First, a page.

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Three Miles of New Protected Bike Lanes Planned Parallel to Midtown Greenway [UPDATE]

The new bike lanes will take away either parking or a lane of motorized traffic

The new bike lanes will take away either parking or a lane of motorized traffic

Minneapolis came in an embarrassing third place in the latest rankings of America's best bike cities, and to help fix that Mayor Betsy Hodges ponied up $790,000 for new protected bike lanes in her 2015 budget.

Yesterday the Star Tribune reported that nearly three miles of protected bike lanes are being recommended for East 26th and 28th Streets between Portland and Hiawatha when those streets are repaved this summer.

See also: Washington Avenue to Get Protected Bike Lanes

Why build more bike infrastructure when the Midtown Greenway is already right there running parallel to 26th and 28th?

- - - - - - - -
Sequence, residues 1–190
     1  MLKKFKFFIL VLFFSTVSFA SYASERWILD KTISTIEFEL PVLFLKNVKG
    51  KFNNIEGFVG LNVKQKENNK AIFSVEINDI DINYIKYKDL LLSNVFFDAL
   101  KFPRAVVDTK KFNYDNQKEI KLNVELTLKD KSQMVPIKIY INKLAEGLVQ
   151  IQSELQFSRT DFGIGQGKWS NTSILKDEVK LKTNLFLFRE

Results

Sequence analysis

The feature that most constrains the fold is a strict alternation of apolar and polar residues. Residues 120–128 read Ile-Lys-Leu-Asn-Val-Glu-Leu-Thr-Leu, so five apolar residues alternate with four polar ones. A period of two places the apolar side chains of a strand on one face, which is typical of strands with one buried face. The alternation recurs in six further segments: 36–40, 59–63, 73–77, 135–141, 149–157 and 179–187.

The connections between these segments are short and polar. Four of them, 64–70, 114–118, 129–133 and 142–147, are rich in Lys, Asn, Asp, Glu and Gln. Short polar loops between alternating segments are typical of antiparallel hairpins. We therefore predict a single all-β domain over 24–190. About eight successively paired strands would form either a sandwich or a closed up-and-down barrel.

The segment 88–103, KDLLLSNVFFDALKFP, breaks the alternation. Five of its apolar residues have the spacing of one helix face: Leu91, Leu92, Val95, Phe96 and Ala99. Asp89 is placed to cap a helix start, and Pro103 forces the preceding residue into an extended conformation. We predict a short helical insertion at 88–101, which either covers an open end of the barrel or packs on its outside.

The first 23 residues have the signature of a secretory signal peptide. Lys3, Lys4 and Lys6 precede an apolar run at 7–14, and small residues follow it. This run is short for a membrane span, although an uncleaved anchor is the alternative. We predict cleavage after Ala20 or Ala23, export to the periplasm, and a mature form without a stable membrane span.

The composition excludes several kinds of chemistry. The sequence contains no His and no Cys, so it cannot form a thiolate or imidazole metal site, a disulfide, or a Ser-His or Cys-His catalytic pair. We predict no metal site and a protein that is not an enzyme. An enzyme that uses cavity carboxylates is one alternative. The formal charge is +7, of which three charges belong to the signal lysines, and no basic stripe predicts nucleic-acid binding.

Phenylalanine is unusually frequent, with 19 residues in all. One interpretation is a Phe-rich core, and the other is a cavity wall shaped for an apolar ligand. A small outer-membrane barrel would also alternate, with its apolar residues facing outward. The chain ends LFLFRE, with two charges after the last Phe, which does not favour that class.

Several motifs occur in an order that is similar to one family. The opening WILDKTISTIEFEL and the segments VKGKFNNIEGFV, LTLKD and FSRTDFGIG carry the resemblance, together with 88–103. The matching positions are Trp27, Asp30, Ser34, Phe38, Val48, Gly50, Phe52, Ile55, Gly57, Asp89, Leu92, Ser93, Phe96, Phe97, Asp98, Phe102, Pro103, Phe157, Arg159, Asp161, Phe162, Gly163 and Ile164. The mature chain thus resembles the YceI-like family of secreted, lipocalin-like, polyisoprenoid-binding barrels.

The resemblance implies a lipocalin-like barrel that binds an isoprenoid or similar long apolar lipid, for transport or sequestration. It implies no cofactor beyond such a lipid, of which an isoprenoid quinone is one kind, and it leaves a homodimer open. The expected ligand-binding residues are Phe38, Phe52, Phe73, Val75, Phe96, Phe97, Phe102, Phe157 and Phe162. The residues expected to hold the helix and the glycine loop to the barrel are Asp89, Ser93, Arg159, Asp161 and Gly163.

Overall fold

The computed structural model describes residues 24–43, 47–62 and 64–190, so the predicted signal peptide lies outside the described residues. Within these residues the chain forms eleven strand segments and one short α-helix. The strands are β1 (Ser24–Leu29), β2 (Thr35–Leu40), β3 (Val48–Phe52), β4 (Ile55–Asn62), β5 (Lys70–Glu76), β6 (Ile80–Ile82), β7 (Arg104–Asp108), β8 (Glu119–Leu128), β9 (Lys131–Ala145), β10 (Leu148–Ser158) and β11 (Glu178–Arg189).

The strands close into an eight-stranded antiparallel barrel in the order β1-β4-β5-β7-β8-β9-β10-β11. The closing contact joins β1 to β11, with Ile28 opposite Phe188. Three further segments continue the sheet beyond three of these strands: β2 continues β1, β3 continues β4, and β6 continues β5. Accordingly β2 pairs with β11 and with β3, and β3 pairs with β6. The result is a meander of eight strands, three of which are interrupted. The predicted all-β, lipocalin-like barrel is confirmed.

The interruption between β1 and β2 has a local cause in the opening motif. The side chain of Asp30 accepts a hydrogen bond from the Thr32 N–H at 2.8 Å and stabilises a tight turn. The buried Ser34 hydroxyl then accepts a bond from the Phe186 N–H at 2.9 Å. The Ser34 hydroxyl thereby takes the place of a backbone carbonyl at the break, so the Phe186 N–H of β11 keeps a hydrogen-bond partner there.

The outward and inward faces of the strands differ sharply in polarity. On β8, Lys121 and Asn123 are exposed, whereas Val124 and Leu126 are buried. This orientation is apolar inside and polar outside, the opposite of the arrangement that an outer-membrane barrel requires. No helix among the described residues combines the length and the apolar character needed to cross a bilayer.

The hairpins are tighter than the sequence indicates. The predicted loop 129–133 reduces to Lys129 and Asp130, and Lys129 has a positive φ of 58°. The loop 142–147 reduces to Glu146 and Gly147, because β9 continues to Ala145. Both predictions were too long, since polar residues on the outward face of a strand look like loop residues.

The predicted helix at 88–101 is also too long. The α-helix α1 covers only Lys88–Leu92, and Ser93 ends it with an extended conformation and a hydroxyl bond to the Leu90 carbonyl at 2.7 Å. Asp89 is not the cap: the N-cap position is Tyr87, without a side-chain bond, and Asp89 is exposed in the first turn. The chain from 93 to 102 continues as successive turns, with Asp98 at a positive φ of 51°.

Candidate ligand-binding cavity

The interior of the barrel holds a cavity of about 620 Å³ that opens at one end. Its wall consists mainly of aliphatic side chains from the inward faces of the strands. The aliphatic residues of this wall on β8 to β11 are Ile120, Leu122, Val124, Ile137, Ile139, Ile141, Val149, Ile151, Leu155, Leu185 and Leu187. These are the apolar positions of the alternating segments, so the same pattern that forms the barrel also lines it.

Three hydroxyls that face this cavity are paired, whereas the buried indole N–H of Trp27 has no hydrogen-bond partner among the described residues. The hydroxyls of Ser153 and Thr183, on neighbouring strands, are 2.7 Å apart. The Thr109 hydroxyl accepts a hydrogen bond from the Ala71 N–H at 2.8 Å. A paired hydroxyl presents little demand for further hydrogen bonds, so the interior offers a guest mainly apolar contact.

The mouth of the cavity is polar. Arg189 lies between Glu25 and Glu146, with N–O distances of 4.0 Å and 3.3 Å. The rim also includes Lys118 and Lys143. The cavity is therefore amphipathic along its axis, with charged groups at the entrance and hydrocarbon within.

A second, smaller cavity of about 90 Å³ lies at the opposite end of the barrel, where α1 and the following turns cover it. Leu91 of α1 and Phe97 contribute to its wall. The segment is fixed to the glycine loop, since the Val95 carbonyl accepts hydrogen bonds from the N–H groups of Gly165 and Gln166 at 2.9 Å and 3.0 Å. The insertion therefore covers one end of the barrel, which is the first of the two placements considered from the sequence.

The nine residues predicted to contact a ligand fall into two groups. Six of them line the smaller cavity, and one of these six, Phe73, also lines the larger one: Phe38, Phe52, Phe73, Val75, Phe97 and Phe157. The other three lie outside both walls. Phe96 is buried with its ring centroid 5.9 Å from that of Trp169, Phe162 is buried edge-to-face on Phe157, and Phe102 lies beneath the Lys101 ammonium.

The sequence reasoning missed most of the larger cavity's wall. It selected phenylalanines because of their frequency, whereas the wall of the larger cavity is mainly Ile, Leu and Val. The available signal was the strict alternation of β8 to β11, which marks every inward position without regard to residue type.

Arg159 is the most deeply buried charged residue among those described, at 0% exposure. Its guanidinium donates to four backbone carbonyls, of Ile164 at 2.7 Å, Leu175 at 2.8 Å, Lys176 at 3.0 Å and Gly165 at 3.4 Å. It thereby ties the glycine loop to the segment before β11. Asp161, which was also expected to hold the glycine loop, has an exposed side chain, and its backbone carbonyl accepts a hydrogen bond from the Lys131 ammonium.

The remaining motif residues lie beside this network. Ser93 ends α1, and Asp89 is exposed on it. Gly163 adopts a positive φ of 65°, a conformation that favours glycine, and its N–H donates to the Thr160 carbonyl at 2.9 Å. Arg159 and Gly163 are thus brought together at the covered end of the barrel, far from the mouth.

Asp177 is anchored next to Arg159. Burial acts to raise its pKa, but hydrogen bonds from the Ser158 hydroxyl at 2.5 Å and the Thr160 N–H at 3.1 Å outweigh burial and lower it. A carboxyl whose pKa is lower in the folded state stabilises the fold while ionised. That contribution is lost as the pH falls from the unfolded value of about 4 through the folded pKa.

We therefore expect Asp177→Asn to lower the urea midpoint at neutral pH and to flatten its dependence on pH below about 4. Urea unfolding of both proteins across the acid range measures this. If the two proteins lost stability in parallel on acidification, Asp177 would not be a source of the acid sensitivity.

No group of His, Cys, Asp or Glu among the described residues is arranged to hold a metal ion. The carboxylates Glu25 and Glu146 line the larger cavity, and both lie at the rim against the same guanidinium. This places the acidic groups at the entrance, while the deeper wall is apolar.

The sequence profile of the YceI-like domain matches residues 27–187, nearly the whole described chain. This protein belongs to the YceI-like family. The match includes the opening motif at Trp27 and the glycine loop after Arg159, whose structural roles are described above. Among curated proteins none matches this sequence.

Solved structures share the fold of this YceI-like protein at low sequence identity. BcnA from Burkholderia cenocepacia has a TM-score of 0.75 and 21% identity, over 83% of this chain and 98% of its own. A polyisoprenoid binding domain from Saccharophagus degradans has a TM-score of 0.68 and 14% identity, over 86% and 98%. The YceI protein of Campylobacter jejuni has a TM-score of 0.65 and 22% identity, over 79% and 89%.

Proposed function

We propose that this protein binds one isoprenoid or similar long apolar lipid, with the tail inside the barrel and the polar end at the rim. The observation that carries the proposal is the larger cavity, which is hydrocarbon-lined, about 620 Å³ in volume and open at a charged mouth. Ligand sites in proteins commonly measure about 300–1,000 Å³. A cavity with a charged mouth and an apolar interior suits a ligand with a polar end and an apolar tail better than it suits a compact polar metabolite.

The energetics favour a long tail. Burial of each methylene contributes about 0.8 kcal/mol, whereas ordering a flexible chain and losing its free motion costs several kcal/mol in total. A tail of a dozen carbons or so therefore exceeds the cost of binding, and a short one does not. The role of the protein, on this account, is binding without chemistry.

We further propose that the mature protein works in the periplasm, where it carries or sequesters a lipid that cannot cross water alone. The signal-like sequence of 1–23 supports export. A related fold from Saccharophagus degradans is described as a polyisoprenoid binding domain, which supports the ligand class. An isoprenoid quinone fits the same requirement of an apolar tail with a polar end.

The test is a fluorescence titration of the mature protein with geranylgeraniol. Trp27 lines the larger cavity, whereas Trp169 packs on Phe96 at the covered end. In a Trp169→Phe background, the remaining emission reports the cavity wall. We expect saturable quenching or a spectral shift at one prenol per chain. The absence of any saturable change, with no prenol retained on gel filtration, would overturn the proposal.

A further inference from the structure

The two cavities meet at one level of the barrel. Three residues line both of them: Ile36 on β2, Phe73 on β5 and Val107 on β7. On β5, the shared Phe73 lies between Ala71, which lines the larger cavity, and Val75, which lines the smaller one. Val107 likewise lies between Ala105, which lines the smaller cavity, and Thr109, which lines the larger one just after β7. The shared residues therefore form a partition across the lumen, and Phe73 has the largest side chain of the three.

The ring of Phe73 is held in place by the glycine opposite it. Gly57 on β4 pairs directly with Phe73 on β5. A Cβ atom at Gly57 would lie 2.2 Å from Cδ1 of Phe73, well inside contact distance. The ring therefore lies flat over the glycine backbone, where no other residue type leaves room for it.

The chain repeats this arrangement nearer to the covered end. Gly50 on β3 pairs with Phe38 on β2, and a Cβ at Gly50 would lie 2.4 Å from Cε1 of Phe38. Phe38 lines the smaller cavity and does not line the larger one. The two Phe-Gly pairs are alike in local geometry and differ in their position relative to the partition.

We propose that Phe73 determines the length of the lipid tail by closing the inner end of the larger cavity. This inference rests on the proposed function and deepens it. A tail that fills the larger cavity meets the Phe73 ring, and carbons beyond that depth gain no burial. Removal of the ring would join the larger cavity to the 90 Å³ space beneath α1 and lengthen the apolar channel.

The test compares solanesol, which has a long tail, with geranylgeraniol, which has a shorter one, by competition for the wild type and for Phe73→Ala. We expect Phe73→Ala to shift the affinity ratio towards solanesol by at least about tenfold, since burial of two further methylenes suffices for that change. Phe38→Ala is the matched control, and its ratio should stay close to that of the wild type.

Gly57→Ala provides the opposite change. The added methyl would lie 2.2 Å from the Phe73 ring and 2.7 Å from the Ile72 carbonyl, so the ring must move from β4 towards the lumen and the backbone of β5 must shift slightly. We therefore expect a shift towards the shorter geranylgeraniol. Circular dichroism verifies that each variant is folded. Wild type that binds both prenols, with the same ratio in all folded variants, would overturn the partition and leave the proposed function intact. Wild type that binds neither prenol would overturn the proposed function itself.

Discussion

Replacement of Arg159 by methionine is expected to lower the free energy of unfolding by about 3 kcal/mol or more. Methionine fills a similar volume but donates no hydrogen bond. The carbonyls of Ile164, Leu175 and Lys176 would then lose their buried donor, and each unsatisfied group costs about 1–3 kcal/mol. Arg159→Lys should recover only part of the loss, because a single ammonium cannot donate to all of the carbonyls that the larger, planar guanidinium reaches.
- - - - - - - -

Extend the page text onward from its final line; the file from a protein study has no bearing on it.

"That question came up a lot in the planning process," says Amy Brugh with the Minneapolis Bike Coalition. "The Midtown Greenway is a great bicycle amenity, obviously, but it has limited entry and exits points. There has to be a way for bikes and pedestrians to get around once they exit the Greenway."

UPDATE 2:00 PM: Simon Blenski, a Minneapolis city planner working on this project, acknowledged there are a lot of east-west bike routes in the area, but he cited the high housing density and number of jobs along the two corridors as a good reason to build up more bike infrastructure.

The new bike lanes will cover the area outlined in blue, Midtown Greenway in green. Click to enlarge

The new bike lanes will cover the area outlined in blue, Midtown Greenway in green. Click to enlarge

He also said the community largely welcomed traffic calming on the two busy one-way streets, and putting in a protected bike lane accomplishes that.

The new bike lanes will cost $400,000. Half will come from this year's protected bike lane fund and half will come from funds already set aside for these streets in years prior.

The new bike lanes will be seven feet wide, with a seven-foot buffer zone marked by plastic pillars to protect bikers from traffic, like you see on First Avenue downtown or on the Plymouth Avenue Bridge. This proposal was recommended over another option that would've installed a two-way bike lane on 26th and nothing on 28th.

Cars will lose either a lane of traffic or parking to make way for the bikes.

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